In recent years, forensic scientists have started to apply carbon-14 dating to cases in which law enforcement agencies hope to find out the age of a skeleton or other unidentified human remains.The new method is based on the fact that over the past 60 years, environmental levels of radiocarbon have been significantly perturbed by mid-20th-century episodes of above-ground nuclear weapons testing.At this moment, your body has a certain percentage of carbon-14 atoms in it, and all living plants and animals have the same percentage.Archaeologists have long used carbon-14 dating (also known as radiocarbon dating) to estimate the age of certain objects.20mg (i.e 2% of a gram) sample wrapped in aluminium foil and then zip lock is required.Cosmic rays enter the earth's atmosphere in large numbers every day.For more information on cosmic rays and half-life, as well as the process of radioactive decay, see How Nuclear Radiation Works.The carbon-14 atoms that cosmic rays create combine with oxygen to form carbon dioxide, which plants absorb naturally and incorporate into plant fibers by photosynthesis.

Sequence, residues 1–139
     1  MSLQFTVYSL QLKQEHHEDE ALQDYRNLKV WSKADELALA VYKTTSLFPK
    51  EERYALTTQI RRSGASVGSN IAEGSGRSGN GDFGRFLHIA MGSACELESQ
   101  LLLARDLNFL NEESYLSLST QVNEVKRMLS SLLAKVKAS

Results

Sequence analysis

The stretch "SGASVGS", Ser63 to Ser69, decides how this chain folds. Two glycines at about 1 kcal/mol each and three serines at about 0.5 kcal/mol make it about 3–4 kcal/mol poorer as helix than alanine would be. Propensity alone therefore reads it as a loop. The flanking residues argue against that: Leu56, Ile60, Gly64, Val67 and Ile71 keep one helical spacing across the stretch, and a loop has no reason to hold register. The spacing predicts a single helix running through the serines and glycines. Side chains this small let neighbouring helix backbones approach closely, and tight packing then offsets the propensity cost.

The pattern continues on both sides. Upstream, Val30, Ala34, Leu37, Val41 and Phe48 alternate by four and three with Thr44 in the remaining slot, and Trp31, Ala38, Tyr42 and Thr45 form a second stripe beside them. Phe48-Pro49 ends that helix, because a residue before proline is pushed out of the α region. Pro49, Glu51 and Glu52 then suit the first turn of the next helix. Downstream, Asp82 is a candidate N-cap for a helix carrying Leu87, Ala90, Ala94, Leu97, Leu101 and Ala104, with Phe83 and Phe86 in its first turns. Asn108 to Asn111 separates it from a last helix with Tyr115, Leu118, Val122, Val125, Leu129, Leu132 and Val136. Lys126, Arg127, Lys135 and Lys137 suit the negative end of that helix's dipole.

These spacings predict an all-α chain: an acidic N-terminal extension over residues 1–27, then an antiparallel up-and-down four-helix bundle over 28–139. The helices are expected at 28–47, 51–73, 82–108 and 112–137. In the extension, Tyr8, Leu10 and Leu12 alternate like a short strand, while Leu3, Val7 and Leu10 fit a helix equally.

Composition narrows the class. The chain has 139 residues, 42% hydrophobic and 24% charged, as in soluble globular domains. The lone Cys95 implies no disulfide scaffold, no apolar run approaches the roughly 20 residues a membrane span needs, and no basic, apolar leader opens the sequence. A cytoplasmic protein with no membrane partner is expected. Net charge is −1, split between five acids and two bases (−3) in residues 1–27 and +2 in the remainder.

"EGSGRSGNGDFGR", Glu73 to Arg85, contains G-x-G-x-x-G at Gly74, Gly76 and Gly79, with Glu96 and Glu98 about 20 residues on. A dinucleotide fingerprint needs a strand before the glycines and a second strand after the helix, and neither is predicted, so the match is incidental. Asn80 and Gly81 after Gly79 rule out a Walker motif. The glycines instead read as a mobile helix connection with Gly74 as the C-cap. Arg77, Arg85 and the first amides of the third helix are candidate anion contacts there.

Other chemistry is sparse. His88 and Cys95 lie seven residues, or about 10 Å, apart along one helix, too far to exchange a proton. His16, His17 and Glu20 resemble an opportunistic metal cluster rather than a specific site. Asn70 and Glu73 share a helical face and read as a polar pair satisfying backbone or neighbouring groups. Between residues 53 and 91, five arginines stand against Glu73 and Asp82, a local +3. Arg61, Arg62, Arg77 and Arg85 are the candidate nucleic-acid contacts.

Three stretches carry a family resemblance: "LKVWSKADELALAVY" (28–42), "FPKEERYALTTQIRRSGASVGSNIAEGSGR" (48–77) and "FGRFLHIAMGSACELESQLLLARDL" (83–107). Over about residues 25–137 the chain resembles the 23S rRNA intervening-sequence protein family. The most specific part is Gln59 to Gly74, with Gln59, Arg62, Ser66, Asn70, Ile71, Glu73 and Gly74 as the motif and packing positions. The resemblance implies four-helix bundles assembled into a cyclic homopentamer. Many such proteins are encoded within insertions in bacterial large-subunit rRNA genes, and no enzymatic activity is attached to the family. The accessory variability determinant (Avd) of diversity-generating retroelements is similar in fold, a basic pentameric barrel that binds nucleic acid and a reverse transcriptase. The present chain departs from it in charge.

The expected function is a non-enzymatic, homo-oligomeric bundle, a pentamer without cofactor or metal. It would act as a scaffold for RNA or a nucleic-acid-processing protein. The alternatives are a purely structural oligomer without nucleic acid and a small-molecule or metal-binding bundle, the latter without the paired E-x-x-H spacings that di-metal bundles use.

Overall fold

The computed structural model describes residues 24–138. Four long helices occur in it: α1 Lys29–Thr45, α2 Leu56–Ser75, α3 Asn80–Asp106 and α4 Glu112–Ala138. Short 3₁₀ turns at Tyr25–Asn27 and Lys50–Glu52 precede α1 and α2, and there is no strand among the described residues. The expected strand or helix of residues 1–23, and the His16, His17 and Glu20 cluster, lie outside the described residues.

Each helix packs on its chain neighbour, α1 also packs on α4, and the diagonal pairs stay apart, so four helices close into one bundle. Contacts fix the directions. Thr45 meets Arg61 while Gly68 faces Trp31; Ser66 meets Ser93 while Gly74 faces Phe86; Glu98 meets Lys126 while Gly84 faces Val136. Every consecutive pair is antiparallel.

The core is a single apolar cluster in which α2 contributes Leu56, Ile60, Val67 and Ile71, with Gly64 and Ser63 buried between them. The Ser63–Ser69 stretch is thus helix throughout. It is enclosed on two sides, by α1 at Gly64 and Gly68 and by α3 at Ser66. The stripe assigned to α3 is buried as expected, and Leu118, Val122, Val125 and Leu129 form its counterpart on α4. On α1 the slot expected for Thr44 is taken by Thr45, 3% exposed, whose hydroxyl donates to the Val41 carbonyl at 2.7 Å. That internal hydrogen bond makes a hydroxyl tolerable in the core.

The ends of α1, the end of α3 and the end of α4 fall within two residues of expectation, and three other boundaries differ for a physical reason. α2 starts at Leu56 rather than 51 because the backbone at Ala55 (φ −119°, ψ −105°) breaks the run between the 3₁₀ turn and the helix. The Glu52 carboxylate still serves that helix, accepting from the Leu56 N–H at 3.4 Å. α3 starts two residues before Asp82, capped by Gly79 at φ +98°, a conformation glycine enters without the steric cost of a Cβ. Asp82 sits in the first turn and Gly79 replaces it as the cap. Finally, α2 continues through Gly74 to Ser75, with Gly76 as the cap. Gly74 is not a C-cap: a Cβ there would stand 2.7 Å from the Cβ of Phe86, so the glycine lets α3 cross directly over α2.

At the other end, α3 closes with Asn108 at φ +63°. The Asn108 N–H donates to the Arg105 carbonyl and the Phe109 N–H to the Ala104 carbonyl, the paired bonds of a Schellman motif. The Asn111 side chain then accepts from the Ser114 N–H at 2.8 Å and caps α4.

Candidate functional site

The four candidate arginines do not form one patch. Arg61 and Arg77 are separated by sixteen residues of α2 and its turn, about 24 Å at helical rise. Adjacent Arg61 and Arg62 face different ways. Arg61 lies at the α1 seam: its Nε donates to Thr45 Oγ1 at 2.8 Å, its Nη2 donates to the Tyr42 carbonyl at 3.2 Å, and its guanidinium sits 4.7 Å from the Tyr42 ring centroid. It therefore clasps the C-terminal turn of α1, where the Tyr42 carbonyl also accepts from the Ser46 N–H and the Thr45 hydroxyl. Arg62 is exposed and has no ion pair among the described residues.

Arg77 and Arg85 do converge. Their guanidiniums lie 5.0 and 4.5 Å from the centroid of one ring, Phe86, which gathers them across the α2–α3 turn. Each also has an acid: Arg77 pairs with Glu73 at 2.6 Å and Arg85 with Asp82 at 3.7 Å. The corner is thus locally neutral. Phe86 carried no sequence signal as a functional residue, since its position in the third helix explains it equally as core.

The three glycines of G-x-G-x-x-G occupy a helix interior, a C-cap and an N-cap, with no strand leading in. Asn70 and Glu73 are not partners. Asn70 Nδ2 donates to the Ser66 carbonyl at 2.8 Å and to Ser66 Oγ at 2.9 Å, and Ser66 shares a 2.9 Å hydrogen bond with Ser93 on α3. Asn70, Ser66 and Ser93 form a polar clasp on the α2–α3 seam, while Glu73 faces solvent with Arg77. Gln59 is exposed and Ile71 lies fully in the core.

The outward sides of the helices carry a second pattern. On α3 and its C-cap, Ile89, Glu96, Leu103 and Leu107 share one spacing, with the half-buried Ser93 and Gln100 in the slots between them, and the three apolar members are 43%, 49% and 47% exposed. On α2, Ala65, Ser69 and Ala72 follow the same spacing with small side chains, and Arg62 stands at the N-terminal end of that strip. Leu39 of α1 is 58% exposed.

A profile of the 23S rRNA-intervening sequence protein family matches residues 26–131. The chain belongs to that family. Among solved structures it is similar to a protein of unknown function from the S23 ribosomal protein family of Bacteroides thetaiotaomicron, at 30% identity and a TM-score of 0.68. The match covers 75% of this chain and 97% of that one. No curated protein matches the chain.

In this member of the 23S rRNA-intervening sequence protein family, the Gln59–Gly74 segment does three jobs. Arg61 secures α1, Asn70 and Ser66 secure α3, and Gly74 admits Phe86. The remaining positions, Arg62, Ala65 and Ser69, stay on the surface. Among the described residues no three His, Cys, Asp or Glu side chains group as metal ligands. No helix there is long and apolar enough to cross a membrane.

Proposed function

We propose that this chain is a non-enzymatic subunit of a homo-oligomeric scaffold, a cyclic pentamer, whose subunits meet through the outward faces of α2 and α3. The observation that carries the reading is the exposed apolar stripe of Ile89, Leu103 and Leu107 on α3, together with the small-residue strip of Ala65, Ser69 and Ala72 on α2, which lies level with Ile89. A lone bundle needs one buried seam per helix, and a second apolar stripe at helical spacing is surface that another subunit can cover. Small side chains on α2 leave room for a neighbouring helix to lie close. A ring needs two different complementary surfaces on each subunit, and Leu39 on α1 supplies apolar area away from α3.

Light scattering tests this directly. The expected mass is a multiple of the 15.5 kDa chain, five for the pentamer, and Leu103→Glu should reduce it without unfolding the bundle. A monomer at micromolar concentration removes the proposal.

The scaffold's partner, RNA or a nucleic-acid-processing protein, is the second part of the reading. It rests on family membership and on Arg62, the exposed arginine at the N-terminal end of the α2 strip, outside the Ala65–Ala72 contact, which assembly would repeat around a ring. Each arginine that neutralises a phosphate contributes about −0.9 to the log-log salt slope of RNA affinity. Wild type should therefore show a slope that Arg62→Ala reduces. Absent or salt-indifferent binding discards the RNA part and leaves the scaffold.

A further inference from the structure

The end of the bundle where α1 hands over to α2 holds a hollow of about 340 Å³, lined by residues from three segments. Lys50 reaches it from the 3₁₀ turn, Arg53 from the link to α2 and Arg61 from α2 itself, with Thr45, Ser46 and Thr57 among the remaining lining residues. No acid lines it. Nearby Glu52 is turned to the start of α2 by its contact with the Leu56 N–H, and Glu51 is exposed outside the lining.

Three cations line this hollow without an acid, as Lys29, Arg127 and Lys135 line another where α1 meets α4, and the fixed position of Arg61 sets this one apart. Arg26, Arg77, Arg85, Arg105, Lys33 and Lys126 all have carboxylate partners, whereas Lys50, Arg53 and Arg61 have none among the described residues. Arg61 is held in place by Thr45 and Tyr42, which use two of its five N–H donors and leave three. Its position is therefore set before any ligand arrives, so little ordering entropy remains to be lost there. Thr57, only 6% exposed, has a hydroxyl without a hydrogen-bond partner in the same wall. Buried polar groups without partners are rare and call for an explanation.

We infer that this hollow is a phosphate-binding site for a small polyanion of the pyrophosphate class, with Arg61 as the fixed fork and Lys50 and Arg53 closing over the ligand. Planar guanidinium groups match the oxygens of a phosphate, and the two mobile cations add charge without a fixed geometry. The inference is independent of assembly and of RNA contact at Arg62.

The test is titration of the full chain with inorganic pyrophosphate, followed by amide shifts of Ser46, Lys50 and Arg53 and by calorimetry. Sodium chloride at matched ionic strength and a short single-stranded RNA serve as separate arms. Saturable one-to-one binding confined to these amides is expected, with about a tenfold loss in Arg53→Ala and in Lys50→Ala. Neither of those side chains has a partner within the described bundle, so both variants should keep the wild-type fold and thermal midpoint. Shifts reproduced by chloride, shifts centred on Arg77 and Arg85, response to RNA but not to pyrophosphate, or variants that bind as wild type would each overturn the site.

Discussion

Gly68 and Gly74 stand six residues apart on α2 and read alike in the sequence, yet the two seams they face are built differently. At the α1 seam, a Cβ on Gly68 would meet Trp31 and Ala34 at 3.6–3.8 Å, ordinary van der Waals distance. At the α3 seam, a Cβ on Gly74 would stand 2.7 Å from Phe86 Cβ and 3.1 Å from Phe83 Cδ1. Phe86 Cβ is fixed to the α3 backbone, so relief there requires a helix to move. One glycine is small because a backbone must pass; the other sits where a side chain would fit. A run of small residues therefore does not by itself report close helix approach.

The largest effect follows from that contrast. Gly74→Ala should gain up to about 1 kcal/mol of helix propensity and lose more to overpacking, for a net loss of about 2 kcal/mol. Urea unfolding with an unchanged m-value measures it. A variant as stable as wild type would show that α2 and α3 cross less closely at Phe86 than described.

The researchers found that certain soft tissues — notably blood, nails and hair — had radiocarbon levels identical to the contemporary atmosphere.
When the neutron collides, a nitrogen-14 (seven protons, seven neutrons) atom turns into a carbon-14 atom (six protons, eight neutrons) and a hydrogen atom (one proton, zero neutrons).
Carbon-14 is radioactive, with a half-life of about 5,700 years.
The generally poor post-mortem preservation of soft tissues would be a limiting factor to this approach.
However, the researchers suggested that soft tissue radiocarbon content would be transferred to, and preserved in, the pupal cases of insects whose larvae feed on these tissues.
They measured carbon-14 levels in various tissues from 36 humans whose birth and death dates were known.